And could I please do one more addition? I mentioned that in the last grouping of young 'Ethereal' ballerinas (Oxana Skorik, Olga Smirnova....Yulia Stepanova, Kristina Shapran….) Oxana Skorik and Olga Smirnova are perhaps the most fascinating.

Well more and more, Kristina Shapran is Very Subtly having a similar impact on me. Many reviewers were extremely taken by her in London. One of the most noteworthy was the often very admired and respected senior reviewer, Clement Crisp.

The title of his article about the Mariinsky’s first Balanchine evening is:

“Apollo was blessed with the presence of Kristina Shapran, a young Mariinsky dancer of huge promise”

He then continues his praise and brings in Olga Smirnova.

“I am not given to falling in love with dancers’ artistry – notwithstanding my recent joy in Olga Smirnova’s great talent. But with Kristina Shapran – set against Vladimir Shklyarov’s grandly drawn Apollo – I saw dancing of astonishing promise.”

I’ve felt strongly about the fineness and clarity of “each step, each action.” He expresses this in even more poetic terms.

“But Shapran seems to give each step, each action, an inner life that is revealed to us as she moves.” ... z3AymRRCm5

Here is what Diana Vishneva said in regard to Kristina Shapran on the Bolshoi Ballet TV contest in October, 2012, as reported and translated by Catherine.

“She concluded her commentary by stating "Russian ballet will live on" (has a future) because of dancers like Shapran.”

Kristina Shapran —- Perhaps someone to keep a very close eye on.

Author:  Buddy [ Mon Aug 25, 2014 11:11 am ]
Post subject:  Re: Mariinsky 2013-2014 (231st) season

Oxana Skorik

Videos clips are pretty much all that I have at the moment. I enjoy them very much, but I always try to appreciate them separate from stage reality. In the case of Oxana Skorik, I’ve seen hopefully enough of her actual performances, so that I can keep the videos in perspective and discuss them with reasonable relevance to her live presentations.

The video that most fascinates me currently is the Act II duet from Giselle with Yevgeny Ivanchenko, September 2013. Of equal interest and a favorite for months is her April, 2014 duet from Symphony in C, also with Yevgeny Ivanchenko.

What both these duets show is her Remarkable and Subtle Depth of Expression along with her Mastery of Detail, all Contained within a Dreamlike Fineness and Grace. Subtlety and Containment are keys. She creates magnificent, often elongated, shapes and moves with exceptional grace. She alternates with great agility from one expressive moment to another, both with her face and with her limbs. She can take chances. She reaches out for a highly expressive moment and then reins it in. She can shift the emphasis in an instant. She can be reaching beyond physically and then a second later become a study in classic harmony and composure. She can become a starstruck dreamer and at the same time exhibit a goddess-like state of awareness.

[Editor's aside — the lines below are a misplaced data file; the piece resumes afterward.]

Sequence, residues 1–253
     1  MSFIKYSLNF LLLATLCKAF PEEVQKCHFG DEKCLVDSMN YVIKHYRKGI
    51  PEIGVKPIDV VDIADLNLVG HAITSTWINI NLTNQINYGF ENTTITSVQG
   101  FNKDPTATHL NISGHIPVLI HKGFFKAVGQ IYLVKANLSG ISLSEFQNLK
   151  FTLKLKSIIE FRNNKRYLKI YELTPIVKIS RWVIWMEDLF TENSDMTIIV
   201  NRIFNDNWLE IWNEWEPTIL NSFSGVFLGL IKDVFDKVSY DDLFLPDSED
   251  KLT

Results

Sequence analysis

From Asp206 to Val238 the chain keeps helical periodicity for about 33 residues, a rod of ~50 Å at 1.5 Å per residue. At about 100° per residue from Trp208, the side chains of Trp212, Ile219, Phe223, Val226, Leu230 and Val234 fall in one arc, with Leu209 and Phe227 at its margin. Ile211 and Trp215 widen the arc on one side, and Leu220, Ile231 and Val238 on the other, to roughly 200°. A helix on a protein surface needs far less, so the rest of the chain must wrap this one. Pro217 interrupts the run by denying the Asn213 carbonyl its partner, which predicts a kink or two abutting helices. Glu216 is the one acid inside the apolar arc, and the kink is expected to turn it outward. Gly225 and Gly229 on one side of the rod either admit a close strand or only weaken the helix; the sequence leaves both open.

I’m still strongly inclined to make direct comparisons with Olga Smirnova (Vaganova graduate now at the Bolshoi) because their parallels are so intertwined. Once again I’ll say that Olga Smirnova is becoming incredible at expression while maintaining her Vaganova fineness, while Oxana Skorik is more about ’Subtlety.’

In my mind, both amazing artists are equally remarkable and equally Likely to attain all time greatness.

Oxana Skorik continues to fascinate me immensely, with her Fineness, her Brilliance and above all her Profound and Compelling Beautiful Breadth of Poetry.

Correction made: One of the duets that I referred to above is Symphony in C and not Diamonds.

Author:  Buddy [ Tue Aug 26, 2014 10:12 am ]
Post subject:  Re: Mariinsky 2013-2014 (231st) season

Oxana Skorik

In trying to define why she could be the equal of an Ulanova, a Lopatkina or even possibly a Pavlova, the answer seems apparent.

Her * Face *

The story it tells. The feelings it conveys. The awareness that it represents. The translating of the beautiful state of poetry that she has found within.

It sometimes has to be viewed carefully, very carefully, to detect and appreciate all the nuances and subtleties.

Her dance is fine enough that she can be viewed alongside the greatest. It has its own distinct excellence.

But what makes her perhaps their equal? What best conveys the profoundness and beauty of her artistic essence?

Her * Face *

Author:  Tiara [ Wed Aug 27, 2014 3:31 am ]
Post subject:  Re: Mariinsky 2013-2014 (231st) season

Buddy wrote:
Oxana Skorik
Her * Face *
It sometimes has to be viewed carefully, very carefully, to detect and appreciate all the nuances and subtleties.

That is because there are none - she cannot act. I have seen her dance many times, and she must be one of the most expressionLESS dancers I have ever seen. How you could place her in the same category, or even the same paragraph, as such Great dancers as Pavlova, Ulanova and Lopatkina quite frankly beggars belief. The history books will remember these true Greats when Oxana Skorik is long forgotten.

Author:  Buddy [ Wed Aug 27, 2014 3:11 pm ]
Post subject:  Re: Mariinsky 2013-2014 (231st) season

I guess that what I’ll say again is that * Subtlety * is the key.

Appropriateness of expression, which she emphasizes, (and which I might like to return to at another time) among other factors can be as important as dramatic punch.

And back to Clement Crisp’s comments about her recent Odette/Odile (Swan Lake) portrayal in London.

“….an intriguing air of mystery, of an inner passion.” ... z39SD6AnVH

I would definitely agree about “an inner passion.” As for “an intriguing air of mystery” I see something perhaps different and this to me is critical. I would call it something

* Sublime *

and this is what might make her different from other great dramatists. Many can go deep within themselves, but what they find there and bring to us can be something different.

What Oxana Skorik finds and expresses from deep within herself, for me, is something Sublime and this is what makes her so absolutely special.

Her dancing is exceptional but what part of her most communicates something Sublime.

Her * Face *